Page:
Books for Wildlife Lovers

Books for Wildlife Lovers
If you love wildlife and want to create a wildlife-friendly landscape, here are some books that will help.

Reader’s Digest has published two very helpful guides. “Wildlife at Your Back Door” by Sharon Amos takes you through the whole process from designing your wildlife garden to choosing plants and maintaining them. Lushly illustrated with 200 color photos, this explains how to create different kinds of habitats for various kinds of wildlife, such as birds, butterflies, frogs, and salamanders. The sample designs feature planting plans, lists of plants and materials, instructions, and photos of the completed project. The plant directory is especially helpful with a profile for each species and quick lists, such as the ten best fruiting plants.

“Birds in Your Backyard” was written by Robert J. Dolezal. Published by Reader’s Digest, this is a Birds & Blooms title. Readers will learn all the basics on how to provide for the birds needs and how to create a bird-friendly landscape along with details on bird watching, and the most common species. The plant directory features profiles for over 75 species. Among the 33 projects are bird houses and how to clean your bird feeders. There are complete, step-by-step instructions for each one. This title features over 600 color photos.

“The New Gardening for Wildlife” by Bill Merilees was published by Whitecap Books. Illustrated with drawings, and photos, this newly revised, in-depth guide has become a classic. The author explains how to make the most of the garden space you have whether that be an apartment balcony or a patio. Throughout, there are helpful sidebars with quick tips. The author explains the needs and preferences of different wildlife species with practical projects, diagrams, and directions for such things as bat roosts, bird feeders, and rabbit burrows.

“Landscaping for Wildlife” by Jeremy D. Garrett was published by Red River Books/University of Oklahoma Press. Written specifically for the Southern Great Plains, this will be useful elsewhere as well since similar species of plants and animals occur in other states. With color photos and line drawings, this title provides readers with all the basics on how to create a wildlife sanctuary. For each wildlife species, the author gives in-depth instructions on how to create the ideal habitat and how to provide the foods and facilities they need. There are chapters devoted to woodworking projects, aquatic habitats, and native plantings for wildlife. There is a very helpful chapter on animal/human interactions, such as what to do with snakes in the house.

“Hummingbirds of North America-Attracting Feeding, and Photographing” by Dan True, published by the University of New Mexico Press contains everything you need to know on this subject.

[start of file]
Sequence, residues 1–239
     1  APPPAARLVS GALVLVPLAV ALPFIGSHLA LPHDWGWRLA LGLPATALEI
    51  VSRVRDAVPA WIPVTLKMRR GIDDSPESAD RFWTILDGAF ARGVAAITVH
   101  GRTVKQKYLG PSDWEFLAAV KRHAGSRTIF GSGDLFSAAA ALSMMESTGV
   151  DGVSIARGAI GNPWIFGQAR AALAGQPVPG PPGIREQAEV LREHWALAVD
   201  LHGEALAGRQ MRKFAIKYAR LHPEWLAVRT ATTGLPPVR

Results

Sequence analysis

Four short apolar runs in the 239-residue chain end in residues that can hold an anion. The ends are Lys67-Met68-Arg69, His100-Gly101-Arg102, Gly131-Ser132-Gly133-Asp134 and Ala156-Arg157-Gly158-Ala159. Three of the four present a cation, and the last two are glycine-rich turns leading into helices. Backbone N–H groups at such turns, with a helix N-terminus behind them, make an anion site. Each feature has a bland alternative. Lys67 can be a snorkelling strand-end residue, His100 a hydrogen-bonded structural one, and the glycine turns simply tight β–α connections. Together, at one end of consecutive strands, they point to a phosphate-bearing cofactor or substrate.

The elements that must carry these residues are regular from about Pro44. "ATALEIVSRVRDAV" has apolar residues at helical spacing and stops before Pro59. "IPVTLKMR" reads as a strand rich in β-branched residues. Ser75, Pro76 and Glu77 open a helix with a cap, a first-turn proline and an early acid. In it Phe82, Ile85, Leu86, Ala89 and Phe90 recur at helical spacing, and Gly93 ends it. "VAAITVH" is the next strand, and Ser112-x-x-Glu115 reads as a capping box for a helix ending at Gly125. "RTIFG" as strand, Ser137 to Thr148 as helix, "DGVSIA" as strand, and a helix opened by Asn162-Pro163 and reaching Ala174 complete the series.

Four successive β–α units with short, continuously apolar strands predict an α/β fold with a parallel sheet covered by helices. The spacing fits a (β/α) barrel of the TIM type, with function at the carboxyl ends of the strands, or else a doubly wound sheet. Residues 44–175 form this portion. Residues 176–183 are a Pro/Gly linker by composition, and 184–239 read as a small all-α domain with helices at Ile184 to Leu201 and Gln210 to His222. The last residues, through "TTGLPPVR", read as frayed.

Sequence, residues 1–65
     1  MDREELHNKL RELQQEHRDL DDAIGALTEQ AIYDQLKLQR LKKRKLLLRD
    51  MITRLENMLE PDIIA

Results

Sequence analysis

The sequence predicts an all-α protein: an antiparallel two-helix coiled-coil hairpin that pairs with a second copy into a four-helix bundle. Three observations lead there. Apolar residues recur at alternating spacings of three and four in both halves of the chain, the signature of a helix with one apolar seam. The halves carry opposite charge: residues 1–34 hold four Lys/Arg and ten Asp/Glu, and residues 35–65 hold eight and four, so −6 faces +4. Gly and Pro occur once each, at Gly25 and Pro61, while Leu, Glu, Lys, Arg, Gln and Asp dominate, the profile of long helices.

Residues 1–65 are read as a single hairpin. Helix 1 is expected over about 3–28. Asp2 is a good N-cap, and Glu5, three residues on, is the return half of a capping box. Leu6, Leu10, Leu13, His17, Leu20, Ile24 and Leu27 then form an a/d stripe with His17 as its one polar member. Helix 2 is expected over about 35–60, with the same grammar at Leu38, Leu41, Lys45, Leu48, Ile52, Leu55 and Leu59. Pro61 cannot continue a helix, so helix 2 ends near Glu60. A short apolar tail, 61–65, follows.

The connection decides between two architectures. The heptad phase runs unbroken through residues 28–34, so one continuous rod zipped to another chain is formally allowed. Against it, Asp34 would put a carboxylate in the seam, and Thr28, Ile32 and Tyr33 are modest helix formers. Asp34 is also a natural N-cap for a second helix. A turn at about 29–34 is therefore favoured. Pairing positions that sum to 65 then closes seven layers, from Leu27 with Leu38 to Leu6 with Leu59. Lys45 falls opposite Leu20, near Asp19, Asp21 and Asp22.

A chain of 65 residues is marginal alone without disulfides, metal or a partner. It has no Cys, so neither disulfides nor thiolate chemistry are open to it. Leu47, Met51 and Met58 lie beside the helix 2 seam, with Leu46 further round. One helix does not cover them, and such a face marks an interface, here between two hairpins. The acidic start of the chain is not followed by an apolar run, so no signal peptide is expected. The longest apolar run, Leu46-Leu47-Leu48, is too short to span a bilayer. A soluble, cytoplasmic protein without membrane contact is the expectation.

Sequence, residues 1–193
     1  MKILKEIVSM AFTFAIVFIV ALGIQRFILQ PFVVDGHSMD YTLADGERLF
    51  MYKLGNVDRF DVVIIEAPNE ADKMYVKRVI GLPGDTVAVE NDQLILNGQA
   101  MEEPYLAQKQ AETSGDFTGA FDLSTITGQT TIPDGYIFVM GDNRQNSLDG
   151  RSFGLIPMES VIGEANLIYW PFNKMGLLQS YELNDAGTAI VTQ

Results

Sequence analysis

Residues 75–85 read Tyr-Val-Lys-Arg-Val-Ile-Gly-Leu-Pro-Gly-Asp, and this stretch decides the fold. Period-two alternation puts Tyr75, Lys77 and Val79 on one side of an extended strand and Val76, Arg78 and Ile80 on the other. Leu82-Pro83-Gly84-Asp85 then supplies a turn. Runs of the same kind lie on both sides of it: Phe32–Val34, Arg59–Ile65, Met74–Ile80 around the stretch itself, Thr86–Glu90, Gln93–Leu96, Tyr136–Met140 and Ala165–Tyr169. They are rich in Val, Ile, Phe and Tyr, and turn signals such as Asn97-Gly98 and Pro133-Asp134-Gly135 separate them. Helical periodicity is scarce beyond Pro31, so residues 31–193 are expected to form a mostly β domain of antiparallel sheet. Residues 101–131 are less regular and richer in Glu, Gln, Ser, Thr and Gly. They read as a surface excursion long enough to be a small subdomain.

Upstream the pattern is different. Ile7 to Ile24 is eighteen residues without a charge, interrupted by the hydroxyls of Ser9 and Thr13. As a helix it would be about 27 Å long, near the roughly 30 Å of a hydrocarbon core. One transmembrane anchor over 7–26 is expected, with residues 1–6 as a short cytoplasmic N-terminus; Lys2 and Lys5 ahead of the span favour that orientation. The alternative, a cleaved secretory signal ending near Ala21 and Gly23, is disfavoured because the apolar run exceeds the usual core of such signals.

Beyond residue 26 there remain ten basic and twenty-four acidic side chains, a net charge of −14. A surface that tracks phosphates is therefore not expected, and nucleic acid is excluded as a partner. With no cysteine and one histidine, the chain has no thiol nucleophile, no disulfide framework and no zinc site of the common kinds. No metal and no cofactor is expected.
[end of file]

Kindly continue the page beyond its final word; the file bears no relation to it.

This title features an entire chapter on the lifestyle, habits, and natural history of these jewels along with details on their migration, and their predators.

A chapter is also devoted to feeding with complete details on choosing a feeder, stocking it, cleaning, and caring for it along with the formula you need to use. There are even tips on dealing with wasps, ants, and other pests of feeders. The author also discusses the pros and cons of feeding.

There are complete profiles for each of the 16 different species of hummingbirds with details on their favorite flowers, their habitats, the states and areas in which they live, where they overwinter, and a description and all the particulars one would want to know. There are exquisite color photos of both the males and females of each species.

The author also explains how to photograph them. At the end of the book is a species list by state and province. A special chapter is devoted to hummer trivia that doesn’t fit into any of the other chapters.

“Woodpeckers of North America” by Frances Backhouse was published by Firefly Books. This definitive guide to this fascinating group of birds features everything you would want to know about woodpeckers. Measurements are given in metric as well as the usual inches, etc. One of the most helpful and interesting chapters is on the effect human activities have on these birds, such as hunting and sale of feathers. Nearly half of the pages are devoted to the individual profiles of the 28 species. For each one, there is a full description, tips on ID, information on its habitat and range, its voice, drumming and tapping patterns, its diet, migration, and breeding. In addition, there is a distribution map and valuable information on the current status of the species so far as its population is concerned. Each one is illustrated in full color.

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